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VOTE411 Voter Guide

Charlotte City Council District 4

Charlotte has a council-manager form of government with a mayor and 11 council members elected every two years in November, and a professional city manager to run the day-to-day operations. The mayor and four council members are elected at-large by a city-wide vote. Seven council members are elected from districts by voters who reside in each district.The Charlotte City Council responsibilities are: Police, Fire, Water and Sewer services for the entire County; Garbage, Transportation, Infrastructure, Zoning, Land Use, Planning and Economic Development for the City of Charlotte.

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  • Candidate picture

    Renee Perkins Johnson
    (Dem)

  • Brandon Pierce
    (Rep)

Biographical Information

What is your experience, including your 3 most important political/civic accomplishments in the last 5 years?

What is your district's most pressing issue and what steps will you take in response to it?

What are your ideas for addressing adequate affordable housing? How will you work with NCGA to obtain adequate funding to finance your objectives?

As Charlotte keeps growing, what components of the city infrastructure most need attention? How would you address them?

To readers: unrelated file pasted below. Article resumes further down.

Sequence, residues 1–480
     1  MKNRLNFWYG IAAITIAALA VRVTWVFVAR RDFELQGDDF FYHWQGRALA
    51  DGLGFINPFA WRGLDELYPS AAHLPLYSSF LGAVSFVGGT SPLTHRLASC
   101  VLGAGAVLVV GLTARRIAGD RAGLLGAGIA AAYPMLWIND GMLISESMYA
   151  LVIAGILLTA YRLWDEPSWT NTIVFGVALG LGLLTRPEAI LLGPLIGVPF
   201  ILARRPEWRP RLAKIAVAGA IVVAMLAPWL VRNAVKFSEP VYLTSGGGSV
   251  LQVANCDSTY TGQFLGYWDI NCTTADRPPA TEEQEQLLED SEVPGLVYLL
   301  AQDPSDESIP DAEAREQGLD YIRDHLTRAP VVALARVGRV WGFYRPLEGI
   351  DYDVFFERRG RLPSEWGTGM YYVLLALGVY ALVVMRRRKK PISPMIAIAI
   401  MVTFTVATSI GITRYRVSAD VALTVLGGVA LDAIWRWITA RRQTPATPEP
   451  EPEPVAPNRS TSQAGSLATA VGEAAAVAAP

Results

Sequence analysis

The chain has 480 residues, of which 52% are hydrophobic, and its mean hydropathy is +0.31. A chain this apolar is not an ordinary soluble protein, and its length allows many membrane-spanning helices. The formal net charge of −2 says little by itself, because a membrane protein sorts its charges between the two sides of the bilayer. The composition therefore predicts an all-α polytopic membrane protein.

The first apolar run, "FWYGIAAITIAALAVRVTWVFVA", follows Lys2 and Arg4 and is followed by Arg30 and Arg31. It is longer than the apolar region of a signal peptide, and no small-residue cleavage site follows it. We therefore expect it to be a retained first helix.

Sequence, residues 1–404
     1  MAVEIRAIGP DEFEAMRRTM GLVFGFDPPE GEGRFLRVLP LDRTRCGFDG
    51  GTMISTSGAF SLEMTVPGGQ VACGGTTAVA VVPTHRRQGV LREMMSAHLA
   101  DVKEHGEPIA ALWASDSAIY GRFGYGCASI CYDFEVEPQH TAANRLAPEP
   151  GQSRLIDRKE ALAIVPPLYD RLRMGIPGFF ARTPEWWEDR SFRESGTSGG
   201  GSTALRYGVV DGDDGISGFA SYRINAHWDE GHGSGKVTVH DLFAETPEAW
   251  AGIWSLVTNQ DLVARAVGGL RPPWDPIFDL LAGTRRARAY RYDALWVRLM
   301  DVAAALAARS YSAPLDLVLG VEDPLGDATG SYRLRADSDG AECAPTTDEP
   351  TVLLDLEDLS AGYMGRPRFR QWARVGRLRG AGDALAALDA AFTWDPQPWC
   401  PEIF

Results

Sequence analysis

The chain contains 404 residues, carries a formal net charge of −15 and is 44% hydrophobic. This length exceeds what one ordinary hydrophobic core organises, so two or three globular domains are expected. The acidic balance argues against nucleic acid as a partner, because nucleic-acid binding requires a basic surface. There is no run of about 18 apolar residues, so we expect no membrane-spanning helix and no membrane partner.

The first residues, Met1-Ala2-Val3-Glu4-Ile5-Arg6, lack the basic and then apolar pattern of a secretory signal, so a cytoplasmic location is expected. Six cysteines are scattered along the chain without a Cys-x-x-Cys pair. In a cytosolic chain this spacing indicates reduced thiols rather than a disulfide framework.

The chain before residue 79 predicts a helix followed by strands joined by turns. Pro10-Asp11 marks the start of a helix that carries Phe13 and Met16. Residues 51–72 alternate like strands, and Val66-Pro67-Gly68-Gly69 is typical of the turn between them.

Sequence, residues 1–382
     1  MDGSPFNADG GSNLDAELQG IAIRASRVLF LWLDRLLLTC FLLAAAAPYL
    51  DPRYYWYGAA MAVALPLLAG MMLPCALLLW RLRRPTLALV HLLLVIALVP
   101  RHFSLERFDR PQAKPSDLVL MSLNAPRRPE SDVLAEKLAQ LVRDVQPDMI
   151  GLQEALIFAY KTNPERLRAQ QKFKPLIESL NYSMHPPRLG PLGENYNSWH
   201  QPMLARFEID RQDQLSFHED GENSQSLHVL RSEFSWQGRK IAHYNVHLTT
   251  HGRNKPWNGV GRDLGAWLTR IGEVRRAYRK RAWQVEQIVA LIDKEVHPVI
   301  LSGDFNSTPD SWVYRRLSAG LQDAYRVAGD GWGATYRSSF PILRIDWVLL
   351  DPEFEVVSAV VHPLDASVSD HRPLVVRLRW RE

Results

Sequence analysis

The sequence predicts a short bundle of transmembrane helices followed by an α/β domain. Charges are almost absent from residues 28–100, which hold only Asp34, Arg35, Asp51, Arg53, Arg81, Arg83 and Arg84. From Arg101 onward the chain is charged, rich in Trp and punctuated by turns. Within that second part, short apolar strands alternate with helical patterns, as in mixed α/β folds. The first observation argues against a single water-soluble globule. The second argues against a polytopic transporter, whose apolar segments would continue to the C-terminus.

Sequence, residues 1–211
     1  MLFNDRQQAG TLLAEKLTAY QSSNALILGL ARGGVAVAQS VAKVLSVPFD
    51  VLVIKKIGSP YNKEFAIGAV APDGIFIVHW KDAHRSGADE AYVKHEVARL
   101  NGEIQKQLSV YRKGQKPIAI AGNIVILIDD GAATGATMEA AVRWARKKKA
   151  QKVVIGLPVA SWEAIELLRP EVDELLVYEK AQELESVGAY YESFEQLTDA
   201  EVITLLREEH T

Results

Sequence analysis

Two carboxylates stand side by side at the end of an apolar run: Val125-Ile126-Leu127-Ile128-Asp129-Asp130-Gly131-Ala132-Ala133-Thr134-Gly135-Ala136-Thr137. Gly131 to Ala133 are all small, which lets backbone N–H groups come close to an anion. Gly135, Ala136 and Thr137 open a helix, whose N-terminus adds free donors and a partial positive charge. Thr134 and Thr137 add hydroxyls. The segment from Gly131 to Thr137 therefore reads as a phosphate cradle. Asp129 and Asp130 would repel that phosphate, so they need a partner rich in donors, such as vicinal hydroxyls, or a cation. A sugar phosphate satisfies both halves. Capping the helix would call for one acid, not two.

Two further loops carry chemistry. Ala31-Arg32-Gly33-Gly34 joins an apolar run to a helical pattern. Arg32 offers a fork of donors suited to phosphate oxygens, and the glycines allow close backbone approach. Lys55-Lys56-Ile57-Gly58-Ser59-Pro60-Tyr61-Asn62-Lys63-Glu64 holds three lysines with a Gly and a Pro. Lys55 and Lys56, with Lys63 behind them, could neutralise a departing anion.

What plans do you have to improve public safety in Charlotte, beyond extra police officers?

How can the City of Charlotte, Mecklenburg County and Charlotte Mecklenburg Schools improve their support of each other?

What should Charlotte be doing to attract new jobs, particularly for young people and those with less than a college degree?

Will you urge your supporters/constituents to support or reject the proposed 0.25% sales tax increase? Why?

Position/philosophy statement Without a cause, there is no effect!
Current occupation Founder/Executive Director of Triumph Services, an organization that serves survivors of trauma.
Age 52
Campaign Phone (980) 216-4534
Expanded my nonprofit organization, Triumph Services, to Charlotte. Joined the Charlotte-Mecklenburg Continuum of Care Started NC's only support group for Loved Ones of Brain Injury Survivors LOBIS
We're one of the fastest growing region's in the area. I will work to create a Commumity Engagement Teams that includes representatives from all affected parties: City, County, CMS, UNCC, CDOT, neighborhood leaders to review development plans proactively and strategically
Collaboration! Working with County for additional tax incentives for landlords and developers for affordable housing and below market rates. Working with NCGA for changes to legistlature that allows inclusive zoning so that developers can be mandated to allot units for affordable housing. My strength is building relations